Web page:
Map showing two islands named Hog Island. Image via ny.curbed.com
You’ve definitely heard of disappearing ships. Plenty of them do, given the amount of shipwrecks historians and oceanographers have found around New York City alone. But disappearing islands? That’s a bit of a different story. In true Bermuda Triangle fashion, New York City has a disappearing island of its own, shrouded in multiple versions of the truth and curious to historians even today. It was called Hog Island, and the story goes that after New York was hit by the famous Hurricane of 1893, Hog Island disappeared without a trace, never to be found again.
The semi-abandoned Rockland Psychiatric Center in Orangeburg, NY, formerly Rockland State Hospital, was one of the many asylums built during a particular time period in American history that sought, at least at first, to approach mental illness with spaciousness and tranquility. Opened in 1931, like most, it fell as treatment evolved from an agrarian philosophy to the use of more controversial methods. In addition, several unique cases of negligence and patient death marred its reputatio. Untapped Cities reader James Garcia, a filmmaker and paranormal investigator, shared his photos of the center’s abandoned complex with us.
The results are in: Beyonce claims most of Midtown while Jay-Z takes Brooklyn. All images via wsj.com
The Wall Street Journal calls it “A Musical Map of New York,” and the science is simple. Most bars have ditched the retro look of the stand-alone jukebox and gone digital. The new e-jukebox vendor TouchTunes caters to nearly 700,000 businesses and operates around 500 publicly accessible jukeboxes across the city. It recently collected the data from these machines and compiled them all into a map that displays what the city is listening to by borough and neighborhood. The results just might be the most concrete evidence we’ve recently seen attesting to New York City’s veritable smorgasbord of cultures, demographics, and now musical tastes.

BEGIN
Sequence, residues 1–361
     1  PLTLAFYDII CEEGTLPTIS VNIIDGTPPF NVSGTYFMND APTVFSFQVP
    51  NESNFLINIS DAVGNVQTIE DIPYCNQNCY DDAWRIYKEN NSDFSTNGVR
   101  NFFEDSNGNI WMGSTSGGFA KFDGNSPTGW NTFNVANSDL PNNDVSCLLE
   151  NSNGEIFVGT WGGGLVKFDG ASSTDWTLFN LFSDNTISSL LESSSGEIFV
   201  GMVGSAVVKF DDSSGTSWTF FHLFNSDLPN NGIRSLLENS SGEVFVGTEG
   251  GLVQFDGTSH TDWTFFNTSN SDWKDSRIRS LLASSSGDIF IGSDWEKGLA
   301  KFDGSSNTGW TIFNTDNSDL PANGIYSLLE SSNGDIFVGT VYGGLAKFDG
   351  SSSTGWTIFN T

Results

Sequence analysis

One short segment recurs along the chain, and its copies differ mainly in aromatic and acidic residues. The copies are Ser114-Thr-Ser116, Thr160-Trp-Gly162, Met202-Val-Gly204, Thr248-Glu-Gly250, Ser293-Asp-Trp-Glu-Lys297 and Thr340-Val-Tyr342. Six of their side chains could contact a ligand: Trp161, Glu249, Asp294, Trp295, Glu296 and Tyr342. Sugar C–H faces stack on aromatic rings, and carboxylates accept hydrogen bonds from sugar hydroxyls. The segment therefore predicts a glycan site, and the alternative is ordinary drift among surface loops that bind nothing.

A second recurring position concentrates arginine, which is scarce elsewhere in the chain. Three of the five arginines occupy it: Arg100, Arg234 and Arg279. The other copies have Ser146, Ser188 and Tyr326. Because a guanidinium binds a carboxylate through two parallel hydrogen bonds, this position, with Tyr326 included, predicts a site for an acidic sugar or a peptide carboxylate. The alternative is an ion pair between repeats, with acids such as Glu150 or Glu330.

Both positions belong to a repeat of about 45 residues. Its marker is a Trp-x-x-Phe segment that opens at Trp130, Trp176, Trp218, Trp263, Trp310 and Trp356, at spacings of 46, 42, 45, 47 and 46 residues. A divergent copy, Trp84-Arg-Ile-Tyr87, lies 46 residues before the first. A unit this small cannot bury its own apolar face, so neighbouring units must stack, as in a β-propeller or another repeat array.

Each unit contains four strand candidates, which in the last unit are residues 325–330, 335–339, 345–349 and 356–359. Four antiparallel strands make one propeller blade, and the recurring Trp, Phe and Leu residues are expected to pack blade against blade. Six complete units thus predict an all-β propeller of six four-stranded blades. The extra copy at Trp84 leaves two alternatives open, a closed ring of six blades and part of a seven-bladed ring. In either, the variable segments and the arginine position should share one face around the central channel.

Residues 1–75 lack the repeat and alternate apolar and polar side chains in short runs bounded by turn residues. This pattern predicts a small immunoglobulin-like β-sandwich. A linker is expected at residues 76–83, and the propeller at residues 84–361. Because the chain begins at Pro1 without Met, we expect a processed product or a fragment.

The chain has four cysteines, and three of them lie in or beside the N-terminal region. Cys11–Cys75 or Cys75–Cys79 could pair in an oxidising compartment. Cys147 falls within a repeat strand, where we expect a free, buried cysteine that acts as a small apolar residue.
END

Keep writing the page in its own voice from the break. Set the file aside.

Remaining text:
In 2013, we accompanied Bob Egan of Pop Spots NYC on his quest to locate classic album cover film locations in New York City–after which he melded then and now in Photoshop. Egan sticks to classic bands, so the website Mass Appeal recently took a look into the Hip-Hop album cover oeuvre. We’ll highlight the covers, melded with Google Street View shots, taken in New York City and tri-state area:
There’s a lot going on (or not going on) with LaGuardia airport these days–from a design competition, runway extension, and demolition of jet age hangars. But way before this, before LaGuardia airport was deemed a third-world airport and even before it accepted planes by sea, there is an earlier, lost version of the airport by a different name.
Cover of The New York Times Magazine (photo via Jake Silverstein)
French street artist JR, whose work has previously been shown in Times Square, Fordham University and inside abandoned hospitals on Ellis Island, always seems to outdo himself when he comes to New York City. Last week, The New York Times Magazine released the April issue, titled “Walking New York.” The cover is an aerial photo of the very large and very real piece by JR at Flatiron Plaza, with information that there were many more placed throughout the five boroughs. There could be no better cue for us at Untapped Cities to go traipsing around the city this weekend.
All 14 of the other pieces were also photographs of recent immigrants, taken by JR on the streets of Nolita earlier this month. The goal is to encourage people to walk all over the city to find the pieces. Below are all 14 pieces of JR’s “Walking New York” project: